solid mental grace

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Boastfulness

I WOULD define boastfulness to be the pretension to good which the boaster does not possess.

The braggart will stand on the quay talking away to foreigners of the vast sums he has at sea, and will wax eloquent on the mightiness of his money-lending business and on his gains and losses. At the very moment of exaggeration he sends his servant to the bank where he has a deposit of a whole shilling. He is fond of imposing on a companion of the road a tale of how he saw service with Alexander the Great, and the king's personal dealings with him and the number of jewelled drinking-cups he brought home. He follows up this by asserting that the craftsmen of Asia are more skilled than those of Europe, and all this though he has never been out of town in his life. He will tell you that a letter has come from Antipater1 - the third, as a matter of fact - bidding him come to Macedonia, and that he declined an offer of the right to export timber duty free, so that no one could carp at him further for being too kindly disposed to Macedonia.' 'In the famine' he continues, 'my givings in presents to the starving citizens came to more than a thousand pounds you see, I can't say "No" to people.' And though those sitting beside him are unknown to him he will ask one of them to reckon up by items of fifty or a hundred pounds, calmly giving a name for each till he gets it well up to two thousand pounds. This sum he declares was given in charities without counting the fitting-out of a war-ship for the state and other public services. He will go to the sellers of the best horses pretending to wish to buy, or, approaching the stalls, ask to see as much as fifty pounds' worth of cloth, and then quarrel with his slave because he dared attend him without bringing gold. While he is living in' a hired house he declares, to those who don't know about him, that it is the family mansion, but he thinks of selling it for it is too small for his entertainments.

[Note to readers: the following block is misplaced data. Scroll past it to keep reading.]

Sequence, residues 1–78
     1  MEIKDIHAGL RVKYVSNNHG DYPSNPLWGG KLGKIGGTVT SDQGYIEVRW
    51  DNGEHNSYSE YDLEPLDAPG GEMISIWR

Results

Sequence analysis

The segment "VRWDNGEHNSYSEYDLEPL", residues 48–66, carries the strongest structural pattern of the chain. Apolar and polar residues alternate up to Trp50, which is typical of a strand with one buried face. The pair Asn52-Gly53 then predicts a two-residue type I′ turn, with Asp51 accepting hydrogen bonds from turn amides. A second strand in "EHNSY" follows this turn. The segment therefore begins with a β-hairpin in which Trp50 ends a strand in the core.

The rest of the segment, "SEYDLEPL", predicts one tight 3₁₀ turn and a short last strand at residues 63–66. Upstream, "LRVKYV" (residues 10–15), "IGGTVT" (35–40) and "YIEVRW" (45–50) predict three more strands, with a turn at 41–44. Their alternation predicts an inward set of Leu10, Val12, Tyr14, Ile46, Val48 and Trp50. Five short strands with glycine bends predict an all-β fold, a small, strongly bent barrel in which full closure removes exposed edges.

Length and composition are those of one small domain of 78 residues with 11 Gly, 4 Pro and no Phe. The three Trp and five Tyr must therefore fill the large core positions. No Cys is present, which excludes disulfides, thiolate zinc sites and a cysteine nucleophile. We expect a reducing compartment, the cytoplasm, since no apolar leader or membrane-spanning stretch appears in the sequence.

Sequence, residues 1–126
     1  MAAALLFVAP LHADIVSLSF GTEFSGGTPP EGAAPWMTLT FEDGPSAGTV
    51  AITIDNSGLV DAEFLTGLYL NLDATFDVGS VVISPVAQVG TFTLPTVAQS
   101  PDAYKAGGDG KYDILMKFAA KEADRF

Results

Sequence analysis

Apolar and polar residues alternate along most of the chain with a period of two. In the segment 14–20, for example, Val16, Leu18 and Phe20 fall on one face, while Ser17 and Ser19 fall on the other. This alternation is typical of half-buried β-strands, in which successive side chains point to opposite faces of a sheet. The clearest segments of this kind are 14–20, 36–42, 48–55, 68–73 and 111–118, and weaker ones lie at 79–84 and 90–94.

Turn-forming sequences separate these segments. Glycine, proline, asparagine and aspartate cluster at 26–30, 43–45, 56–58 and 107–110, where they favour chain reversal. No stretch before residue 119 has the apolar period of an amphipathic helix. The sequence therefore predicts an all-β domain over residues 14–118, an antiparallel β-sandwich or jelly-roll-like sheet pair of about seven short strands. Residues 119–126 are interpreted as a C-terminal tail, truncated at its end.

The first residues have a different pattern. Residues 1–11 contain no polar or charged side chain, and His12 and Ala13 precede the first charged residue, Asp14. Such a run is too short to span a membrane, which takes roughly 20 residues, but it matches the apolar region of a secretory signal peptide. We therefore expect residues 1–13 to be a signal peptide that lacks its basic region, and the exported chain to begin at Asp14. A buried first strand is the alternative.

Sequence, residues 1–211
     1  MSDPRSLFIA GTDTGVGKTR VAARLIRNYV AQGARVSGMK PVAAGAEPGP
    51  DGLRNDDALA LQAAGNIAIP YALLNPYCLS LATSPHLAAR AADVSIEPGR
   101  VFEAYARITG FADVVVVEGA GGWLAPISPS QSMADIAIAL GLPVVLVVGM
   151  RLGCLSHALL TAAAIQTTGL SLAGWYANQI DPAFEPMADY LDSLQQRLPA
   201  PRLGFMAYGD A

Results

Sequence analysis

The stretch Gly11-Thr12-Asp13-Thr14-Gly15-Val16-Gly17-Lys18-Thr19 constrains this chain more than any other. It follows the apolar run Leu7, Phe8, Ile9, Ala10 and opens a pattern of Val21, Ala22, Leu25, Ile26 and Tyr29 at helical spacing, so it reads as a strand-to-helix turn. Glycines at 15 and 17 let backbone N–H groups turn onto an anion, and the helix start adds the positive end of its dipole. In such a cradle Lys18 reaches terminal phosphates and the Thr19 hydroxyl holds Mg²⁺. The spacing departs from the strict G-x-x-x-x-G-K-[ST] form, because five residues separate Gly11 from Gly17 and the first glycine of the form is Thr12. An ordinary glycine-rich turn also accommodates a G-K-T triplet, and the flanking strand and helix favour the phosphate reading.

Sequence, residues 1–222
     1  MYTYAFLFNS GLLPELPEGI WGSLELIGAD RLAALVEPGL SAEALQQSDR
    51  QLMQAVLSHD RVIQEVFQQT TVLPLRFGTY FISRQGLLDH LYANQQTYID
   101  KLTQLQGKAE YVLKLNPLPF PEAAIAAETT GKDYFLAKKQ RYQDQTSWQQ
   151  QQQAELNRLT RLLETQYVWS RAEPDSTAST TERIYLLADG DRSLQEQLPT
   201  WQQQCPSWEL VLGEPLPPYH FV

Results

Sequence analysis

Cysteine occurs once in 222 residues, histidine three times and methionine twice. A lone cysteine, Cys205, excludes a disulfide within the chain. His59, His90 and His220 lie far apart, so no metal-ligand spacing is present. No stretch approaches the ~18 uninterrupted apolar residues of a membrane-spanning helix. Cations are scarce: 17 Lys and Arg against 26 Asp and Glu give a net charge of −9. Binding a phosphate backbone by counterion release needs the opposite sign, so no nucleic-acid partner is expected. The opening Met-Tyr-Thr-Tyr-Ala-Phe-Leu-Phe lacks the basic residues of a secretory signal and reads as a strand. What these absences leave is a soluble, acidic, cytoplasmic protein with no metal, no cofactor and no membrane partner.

1 An able general of Alexander's who was left to govern Macedonia in his name.

2 The Athenians had heen the root of the resistance to the aggression of Macedonia, and thoogh now hombled still cherished to the full their old hostility. A philoMacedonian was not popular with the people.